That is very cool. Our high school had apple computers in the mid 80’s and I could do the “if and then” statements with the best of them and ended up being the teachers assistant my senior year.

The first time I saw a computer was at my Mother’s job. She worked for a place in Saginaw Mi. that did the payroll for the City and a bunch of other large businesses. I remember going there to see the huge rolls of tape and all of that. I’m sure that was Fortran and probably some of the very earliest commercial use of computers. Time-cards turned into paychecks, I think the place was called Fullerton if I remember correctly.

Funny for me really, considering we are family of farmers. But farming is more and more high tech now. I sold feed for a while and we used a program out of Michigan State for figuring out the optimal feed requirements for dairy cows. We tested all of the feed grown on the farm and then balanced that with the stuff we sold. My Father sold fertilizer and they did the same thing for that. My Grandfather could do the math in his head faster though. LOL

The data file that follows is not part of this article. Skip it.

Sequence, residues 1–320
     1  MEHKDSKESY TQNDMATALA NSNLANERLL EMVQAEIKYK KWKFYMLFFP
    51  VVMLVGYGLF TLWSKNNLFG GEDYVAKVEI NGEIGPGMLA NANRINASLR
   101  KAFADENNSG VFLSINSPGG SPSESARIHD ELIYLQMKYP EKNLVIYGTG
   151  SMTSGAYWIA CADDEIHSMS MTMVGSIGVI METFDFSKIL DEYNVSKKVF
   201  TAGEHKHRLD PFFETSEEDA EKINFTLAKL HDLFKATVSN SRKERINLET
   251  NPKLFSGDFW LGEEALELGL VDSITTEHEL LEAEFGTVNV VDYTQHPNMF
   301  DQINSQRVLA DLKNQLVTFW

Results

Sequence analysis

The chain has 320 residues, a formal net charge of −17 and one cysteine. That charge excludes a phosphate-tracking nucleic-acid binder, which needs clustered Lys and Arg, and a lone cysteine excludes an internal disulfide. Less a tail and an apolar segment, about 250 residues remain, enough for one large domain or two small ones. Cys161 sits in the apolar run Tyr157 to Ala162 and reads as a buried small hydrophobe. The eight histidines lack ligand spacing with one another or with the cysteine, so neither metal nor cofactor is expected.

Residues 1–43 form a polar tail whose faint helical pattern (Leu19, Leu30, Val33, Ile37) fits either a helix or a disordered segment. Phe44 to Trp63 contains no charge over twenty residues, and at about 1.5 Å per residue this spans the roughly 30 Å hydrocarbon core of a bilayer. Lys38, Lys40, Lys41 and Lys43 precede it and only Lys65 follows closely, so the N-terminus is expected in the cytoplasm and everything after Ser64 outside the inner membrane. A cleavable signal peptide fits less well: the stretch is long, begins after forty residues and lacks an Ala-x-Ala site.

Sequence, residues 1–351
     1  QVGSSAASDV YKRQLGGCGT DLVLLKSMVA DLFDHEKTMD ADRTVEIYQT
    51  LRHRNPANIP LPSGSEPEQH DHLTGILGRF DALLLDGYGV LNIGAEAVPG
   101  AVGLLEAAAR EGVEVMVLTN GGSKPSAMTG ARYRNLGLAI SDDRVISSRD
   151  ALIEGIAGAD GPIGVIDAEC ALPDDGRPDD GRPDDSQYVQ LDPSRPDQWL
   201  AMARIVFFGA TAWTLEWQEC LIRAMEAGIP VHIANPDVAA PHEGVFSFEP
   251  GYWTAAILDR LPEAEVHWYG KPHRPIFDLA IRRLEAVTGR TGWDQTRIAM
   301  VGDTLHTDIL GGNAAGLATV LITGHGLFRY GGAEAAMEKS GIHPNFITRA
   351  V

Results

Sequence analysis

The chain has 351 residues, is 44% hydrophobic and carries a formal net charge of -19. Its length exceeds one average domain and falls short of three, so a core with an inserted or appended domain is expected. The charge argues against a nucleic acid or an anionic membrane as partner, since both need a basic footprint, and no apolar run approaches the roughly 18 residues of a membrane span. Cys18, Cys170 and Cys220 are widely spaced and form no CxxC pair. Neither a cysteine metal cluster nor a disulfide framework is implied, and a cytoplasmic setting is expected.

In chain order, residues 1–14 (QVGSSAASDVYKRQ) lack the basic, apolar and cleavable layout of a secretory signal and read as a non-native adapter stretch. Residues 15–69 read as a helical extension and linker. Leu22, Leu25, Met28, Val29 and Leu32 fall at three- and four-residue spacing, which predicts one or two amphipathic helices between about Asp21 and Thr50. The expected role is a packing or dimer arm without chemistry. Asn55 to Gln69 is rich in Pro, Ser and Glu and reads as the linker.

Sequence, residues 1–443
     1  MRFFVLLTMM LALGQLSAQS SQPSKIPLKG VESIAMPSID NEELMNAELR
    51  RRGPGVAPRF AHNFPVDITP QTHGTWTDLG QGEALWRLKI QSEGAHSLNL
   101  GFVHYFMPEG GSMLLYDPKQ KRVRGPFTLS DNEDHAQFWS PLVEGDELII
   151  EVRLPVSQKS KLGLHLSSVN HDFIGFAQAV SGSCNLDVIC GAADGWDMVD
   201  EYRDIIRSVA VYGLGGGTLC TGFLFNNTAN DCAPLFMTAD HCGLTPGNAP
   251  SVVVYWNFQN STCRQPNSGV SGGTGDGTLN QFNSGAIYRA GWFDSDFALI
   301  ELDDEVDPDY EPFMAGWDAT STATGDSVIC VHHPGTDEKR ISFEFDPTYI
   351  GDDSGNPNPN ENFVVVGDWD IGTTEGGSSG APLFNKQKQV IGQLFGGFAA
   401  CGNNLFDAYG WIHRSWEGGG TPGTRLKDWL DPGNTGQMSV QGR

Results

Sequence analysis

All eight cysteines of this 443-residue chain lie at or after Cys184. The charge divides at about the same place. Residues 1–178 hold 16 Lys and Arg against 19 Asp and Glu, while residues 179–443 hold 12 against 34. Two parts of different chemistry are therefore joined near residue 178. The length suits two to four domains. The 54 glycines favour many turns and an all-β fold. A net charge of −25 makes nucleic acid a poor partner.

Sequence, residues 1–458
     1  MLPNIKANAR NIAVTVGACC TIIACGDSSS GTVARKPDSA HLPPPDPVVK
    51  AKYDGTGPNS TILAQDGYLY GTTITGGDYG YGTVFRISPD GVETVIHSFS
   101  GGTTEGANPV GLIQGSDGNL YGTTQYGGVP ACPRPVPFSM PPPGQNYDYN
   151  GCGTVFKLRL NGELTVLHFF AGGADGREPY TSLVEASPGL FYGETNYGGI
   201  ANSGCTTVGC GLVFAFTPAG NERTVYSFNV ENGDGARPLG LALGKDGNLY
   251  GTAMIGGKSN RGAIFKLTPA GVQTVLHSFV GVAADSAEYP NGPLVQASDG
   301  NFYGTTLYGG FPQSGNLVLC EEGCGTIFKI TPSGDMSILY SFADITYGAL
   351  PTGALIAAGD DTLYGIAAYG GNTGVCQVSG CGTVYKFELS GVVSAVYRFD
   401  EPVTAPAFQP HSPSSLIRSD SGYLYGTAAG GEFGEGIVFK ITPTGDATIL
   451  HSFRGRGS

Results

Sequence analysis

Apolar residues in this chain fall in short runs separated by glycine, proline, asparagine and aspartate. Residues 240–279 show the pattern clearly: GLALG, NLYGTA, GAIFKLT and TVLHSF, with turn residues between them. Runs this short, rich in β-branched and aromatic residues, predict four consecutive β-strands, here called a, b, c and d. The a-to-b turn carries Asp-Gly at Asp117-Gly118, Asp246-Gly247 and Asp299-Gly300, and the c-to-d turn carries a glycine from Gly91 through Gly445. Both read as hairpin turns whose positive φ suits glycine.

In '78-early 80's, the job market was insane. I had multiple job offers coming out of the tech school - 6 month certificate in computer programming - oh boy... You switched jobs every 6-12 months to get a 10%-20% or greater bump each time. I got 20%+ counter offers just to stay at a couple of jobs.

All that doesn't make me an expert at Atmel/AVR programming though, so the learning never stops... It still blows me away that they can fit so many components/features into 1 tiny chip.

Here is one way to achieve customization of firmware without recompiling and only editing one hex file. The EEPROM can be loaded from a hex file. Configuration data can be put into the EEPROM hex file, edited, and programmed to the MCU. Since the EEPROM hex file is separate from the program hex file, it can be programmed by itself.

This would beneficial to those who have the equipment to program the MCU but not the software programming skills.